Antisocial personality disorder

Karen J. Derefinko, Thomas A. Widiger

Research output: Chapter in Book/Report/Conference proceedingChapterpeer-review

11 Scopus citations


The present chapter discusses the medical understanding of antisocial personality disorder (APSD), including research concerning its etiology, prevalence, pathology, differential diagnosis, and treatment. ASPD, and the closely related diagnosis of psychopathy, appear to be products of a strong genetic disposition interacting with a variety of environmental contributions. Epidemiological studies indicate that ASPD and psychopathy are much more prevalent in men than in women, a finding that is supported by general personality research. Theories of pathology are numerous, but generally point to several distinct deficits; psychopathy has been associated empirically with abnormal affective processing, neuroanatomical abnormalities, psychophysiological arousal system impairments, deficits in cognitive functioning, and maladaptive personality constellations. While considered diagnostically reliable, ASPD and psychopathy are highly comorbid with substance dependence and narcissistic personality disorder due to similar criteria, making differential diagnosis difficult. Finally, treatment for psychopathy and ASPD remains a very controversial subject; while meta-analytic findings demonstrate positive results, considerable evidence also indicates that these disorders are resistant to typical interventions.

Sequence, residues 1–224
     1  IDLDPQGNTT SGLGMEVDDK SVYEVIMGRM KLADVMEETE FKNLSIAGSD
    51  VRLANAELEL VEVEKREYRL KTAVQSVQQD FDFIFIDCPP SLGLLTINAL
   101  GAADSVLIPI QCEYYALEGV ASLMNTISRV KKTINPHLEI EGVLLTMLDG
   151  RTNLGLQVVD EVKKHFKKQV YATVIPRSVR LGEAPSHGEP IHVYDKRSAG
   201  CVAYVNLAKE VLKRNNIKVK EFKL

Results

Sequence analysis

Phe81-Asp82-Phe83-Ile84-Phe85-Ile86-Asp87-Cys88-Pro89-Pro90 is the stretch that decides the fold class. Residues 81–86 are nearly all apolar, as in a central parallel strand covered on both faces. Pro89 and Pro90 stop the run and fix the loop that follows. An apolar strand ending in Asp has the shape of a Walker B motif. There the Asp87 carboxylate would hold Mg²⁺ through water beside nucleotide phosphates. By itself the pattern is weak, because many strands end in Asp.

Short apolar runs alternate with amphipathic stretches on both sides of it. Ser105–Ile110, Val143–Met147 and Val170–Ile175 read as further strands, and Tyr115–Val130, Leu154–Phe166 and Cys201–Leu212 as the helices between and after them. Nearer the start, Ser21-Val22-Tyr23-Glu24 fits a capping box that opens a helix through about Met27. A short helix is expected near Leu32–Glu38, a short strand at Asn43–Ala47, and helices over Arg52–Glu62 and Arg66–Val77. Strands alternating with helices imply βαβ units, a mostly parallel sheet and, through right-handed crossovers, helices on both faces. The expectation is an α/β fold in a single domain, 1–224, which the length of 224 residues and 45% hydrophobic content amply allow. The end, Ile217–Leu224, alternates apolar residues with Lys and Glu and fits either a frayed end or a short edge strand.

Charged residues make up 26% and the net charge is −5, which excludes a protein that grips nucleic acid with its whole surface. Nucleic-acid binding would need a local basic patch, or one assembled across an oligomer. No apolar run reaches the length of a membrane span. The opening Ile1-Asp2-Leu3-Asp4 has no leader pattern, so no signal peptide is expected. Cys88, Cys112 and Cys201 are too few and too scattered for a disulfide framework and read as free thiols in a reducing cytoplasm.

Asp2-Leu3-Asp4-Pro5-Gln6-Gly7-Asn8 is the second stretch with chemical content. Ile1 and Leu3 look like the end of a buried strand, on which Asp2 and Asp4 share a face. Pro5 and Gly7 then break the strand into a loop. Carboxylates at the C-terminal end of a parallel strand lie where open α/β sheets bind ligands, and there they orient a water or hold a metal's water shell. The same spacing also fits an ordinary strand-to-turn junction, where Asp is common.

Original languageEnglish
Title of host publicationThe Medical Basis of Psychiatry
Subtitle of host publicationFourth Edition
Number of pages17
ISBN (Electronic)9781493925285
StatePublished - Jan 1 2016

Bibliographical note

Publisher Copyright:
© 2016 Springer Science+Business Media New York. All rights reserved.


  • Antisocial
  • Dimensional models
  • Pathology
  • Personality disorders
  • Psychopathy

ASJC Scopus subject areas

  • General Medicine


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